Here is a brief tutorial on how to access POWER 8 virtual machine in minicloud, first access https://openpower.ic.unicamp.br/minicloud/ and click in Request Access and answer the google forms to get access. Here is a link that may help you to get access to an instance on minicloud https://github.com/Unicamp-OpenPower/minicloud/wiki. In the next section I’ll show to access tensorboard by terminal.

SSH connection

You’ll need to connect to VM via ssh using the -L 6006:localhost:6006 flag. To be able to use tensorboard in the terminal, your command should be like this:

ssh ubuntu@minicloud.parqtec.unicamp.br -i ~/.ssh/your-key.pem -p <vm-port> -L 6006:localhost:6006

For using tensorboard in the terminal we use this command:

    tensorboard --logdir=<name_of_log_directory>

Now we are able to open the link in your favorite browser.

Compare Tensorboard-Profiler in different architectures

In this section, we will be profiling using Tensorboard-Profiler in different architectures and showing the results. First, we will standardize the test file. For this, download the file available in https://www.tensorflow.org/tensorboard/tensorboard_profiling_keras and modify the line:

model.fit(ds_train,
          epochs=2,
          validation_data=ds_test,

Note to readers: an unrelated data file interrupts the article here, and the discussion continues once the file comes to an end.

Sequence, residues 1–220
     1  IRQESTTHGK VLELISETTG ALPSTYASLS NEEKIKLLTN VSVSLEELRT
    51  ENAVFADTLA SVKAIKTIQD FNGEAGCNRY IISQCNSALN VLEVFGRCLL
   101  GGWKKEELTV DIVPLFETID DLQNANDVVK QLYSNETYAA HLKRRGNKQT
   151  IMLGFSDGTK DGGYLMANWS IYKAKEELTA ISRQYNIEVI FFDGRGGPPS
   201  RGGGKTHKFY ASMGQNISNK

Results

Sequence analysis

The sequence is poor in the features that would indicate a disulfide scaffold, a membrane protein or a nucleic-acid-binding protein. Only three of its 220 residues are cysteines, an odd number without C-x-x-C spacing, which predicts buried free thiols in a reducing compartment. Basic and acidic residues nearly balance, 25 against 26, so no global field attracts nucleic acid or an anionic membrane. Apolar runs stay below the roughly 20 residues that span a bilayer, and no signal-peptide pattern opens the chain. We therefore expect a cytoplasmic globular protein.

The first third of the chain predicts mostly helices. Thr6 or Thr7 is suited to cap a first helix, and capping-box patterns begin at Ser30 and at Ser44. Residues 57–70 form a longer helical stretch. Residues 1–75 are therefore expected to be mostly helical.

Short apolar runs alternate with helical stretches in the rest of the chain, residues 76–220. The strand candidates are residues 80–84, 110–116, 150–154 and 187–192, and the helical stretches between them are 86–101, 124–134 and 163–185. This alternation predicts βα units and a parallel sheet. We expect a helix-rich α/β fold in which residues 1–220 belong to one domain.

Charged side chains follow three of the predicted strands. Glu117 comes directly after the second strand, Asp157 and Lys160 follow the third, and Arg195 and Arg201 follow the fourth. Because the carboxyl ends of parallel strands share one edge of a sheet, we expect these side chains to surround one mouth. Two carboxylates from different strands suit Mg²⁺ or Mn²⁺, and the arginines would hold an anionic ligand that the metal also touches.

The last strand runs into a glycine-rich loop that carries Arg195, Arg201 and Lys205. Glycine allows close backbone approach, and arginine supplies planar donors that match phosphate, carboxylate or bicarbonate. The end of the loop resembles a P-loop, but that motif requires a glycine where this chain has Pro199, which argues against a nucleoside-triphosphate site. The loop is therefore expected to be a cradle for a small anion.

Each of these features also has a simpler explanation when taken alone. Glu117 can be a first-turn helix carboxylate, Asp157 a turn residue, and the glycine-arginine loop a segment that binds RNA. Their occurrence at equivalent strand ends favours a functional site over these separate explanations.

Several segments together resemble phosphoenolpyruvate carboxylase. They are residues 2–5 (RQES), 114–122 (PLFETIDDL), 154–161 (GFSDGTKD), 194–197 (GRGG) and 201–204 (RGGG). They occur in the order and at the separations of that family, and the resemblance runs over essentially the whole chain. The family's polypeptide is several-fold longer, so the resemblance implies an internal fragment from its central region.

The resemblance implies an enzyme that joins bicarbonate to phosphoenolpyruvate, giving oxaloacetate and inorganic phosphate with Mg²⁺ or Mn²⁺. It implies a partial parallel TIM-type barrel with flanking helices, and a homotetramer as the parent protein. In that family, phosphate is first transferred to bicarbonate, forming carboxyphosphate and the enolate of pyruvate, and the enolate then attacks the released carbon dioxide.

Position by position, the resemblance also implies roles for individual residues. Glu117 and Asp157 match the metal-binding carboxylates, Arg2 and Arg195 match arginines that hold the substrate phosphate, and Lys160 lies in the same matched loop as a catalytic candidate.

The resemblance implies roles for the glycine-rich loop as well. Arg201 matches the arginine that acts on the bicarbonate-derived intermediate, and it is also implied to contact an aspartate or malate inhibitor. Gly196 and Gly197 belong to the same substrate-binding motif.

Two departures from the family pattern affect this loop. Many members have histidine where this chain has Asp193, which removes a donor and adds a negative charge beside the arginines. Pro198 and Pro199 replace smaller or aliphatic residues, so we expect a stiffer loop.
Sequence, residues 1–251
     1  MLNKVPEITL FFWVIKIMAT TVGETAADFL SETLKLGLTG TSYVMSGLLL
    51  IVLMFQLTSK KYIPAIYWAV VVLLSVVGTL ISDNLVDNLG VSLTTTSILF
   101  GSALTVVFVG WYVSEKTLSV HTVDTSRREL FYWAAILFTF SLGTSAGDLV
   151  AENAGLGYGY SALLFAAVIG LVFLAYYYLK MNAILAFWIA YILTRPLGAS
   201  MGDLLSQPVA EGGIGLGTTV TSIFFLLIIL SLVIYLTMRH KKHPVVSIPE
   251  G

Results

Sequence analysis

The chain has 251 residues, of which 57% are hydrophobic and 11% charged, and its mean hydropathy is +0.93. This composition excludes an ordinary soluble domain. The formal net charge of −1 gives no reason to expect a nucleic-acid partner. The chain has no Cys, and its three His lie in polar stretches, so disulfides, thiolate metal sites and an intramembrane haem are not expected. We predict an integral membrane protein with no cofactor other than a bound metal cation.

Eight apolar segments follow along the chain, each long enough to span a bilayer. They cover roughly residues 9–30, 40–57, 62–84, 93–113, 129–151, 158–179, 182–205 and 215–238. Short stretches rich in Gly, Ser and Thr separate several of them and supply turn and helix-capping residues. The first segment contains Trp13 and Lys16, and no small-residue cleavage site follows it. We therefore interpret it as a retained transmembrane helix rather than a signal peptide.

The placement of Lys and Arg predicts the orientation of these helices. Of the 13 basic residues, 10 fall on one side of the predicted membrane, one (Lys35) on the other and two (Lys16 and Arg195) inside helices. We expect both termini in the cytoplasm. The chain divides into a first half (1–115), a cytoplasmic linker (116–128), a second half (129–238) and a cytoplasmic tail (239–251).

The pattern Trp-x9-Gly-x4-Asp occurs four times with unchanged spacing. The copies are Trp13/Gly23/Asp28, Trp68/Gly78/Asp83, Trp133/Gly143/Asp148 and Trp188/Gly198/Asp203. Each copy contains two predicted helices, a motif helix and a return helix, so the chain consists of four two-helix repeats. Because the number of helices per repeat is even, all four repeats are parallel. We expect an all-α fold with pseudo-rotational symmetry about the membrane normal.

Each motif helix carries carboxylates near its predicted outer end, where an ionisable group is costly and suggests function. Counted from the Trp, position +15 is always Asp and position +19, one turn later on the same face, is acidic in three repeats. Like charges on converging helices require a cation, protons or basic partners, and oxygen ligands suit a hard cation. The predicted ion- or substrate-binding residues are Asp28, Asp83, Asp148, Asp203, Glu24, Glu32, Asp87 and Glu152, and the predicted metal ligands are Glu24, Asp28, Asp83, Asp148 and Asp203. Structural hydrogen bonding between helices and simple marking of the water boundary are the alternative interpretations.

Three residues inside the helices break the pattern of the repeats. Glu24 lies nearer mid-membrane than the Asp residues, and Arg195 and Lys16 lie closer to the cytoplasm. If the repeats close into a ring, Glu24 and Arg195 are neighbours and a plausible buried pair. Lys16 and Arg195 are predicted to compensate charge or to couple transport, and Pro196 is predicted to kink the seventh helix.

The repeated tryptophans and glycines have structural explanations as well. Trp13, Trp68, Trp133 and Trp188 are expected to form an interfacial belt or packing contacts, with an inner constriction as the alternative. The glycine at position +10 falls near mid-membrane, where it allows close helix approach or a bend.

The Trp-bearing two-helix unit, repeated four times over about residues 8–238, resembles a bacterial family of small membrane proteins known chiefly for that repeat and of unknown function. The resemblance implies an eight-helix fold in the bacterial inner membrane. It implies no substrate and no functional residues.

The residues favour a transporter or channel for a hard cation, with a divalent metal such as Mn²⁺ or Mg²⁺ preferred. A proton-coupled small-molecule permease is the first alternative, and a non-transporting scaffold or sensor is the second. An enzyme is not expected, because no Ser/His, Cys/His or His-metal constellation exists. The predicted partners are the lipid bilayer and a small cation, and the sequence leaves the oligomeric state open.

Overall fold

callbacks = [tboard_callback])

to:

model.fit(ds_train,
          epochs=5,
          validation_data=ds_test,
          callbacks = [tboard_callback])

Now we are ready to execute the script and debug performance bottlenecks using Tensorboard-Profiler.

Sometimes when running Tensorflow we get some errors like: AttributeError: partially initialized module ‘tensorflow’ has no attribute ‘version’ (most likely due to a circular import). To fix this error you can use the flag -m.

    python3 -m <your-python-file>

After running the script in different architectures we obtain the following results:

Input pipeline analyzer:

  • Data preprocessing (ms)

Table 1: Data preprocessing in different architectures

X86 POWER8 POWER9
390 180 164
  • Reading data from files in advance (including caching, prefetching, interleaving) (in ms):

Table 2: Reading data from files in advance in different architectures

X86 POWER8 POWER9
6.7 ~ 0 ~0

Tensorflow stats:

  • Operations which consume more time:

Table 3: Operations which consume more time in x86

Type Operation Occurrences total time (us)
Dataset Iterator::Model::MapAndBatch 21 112,868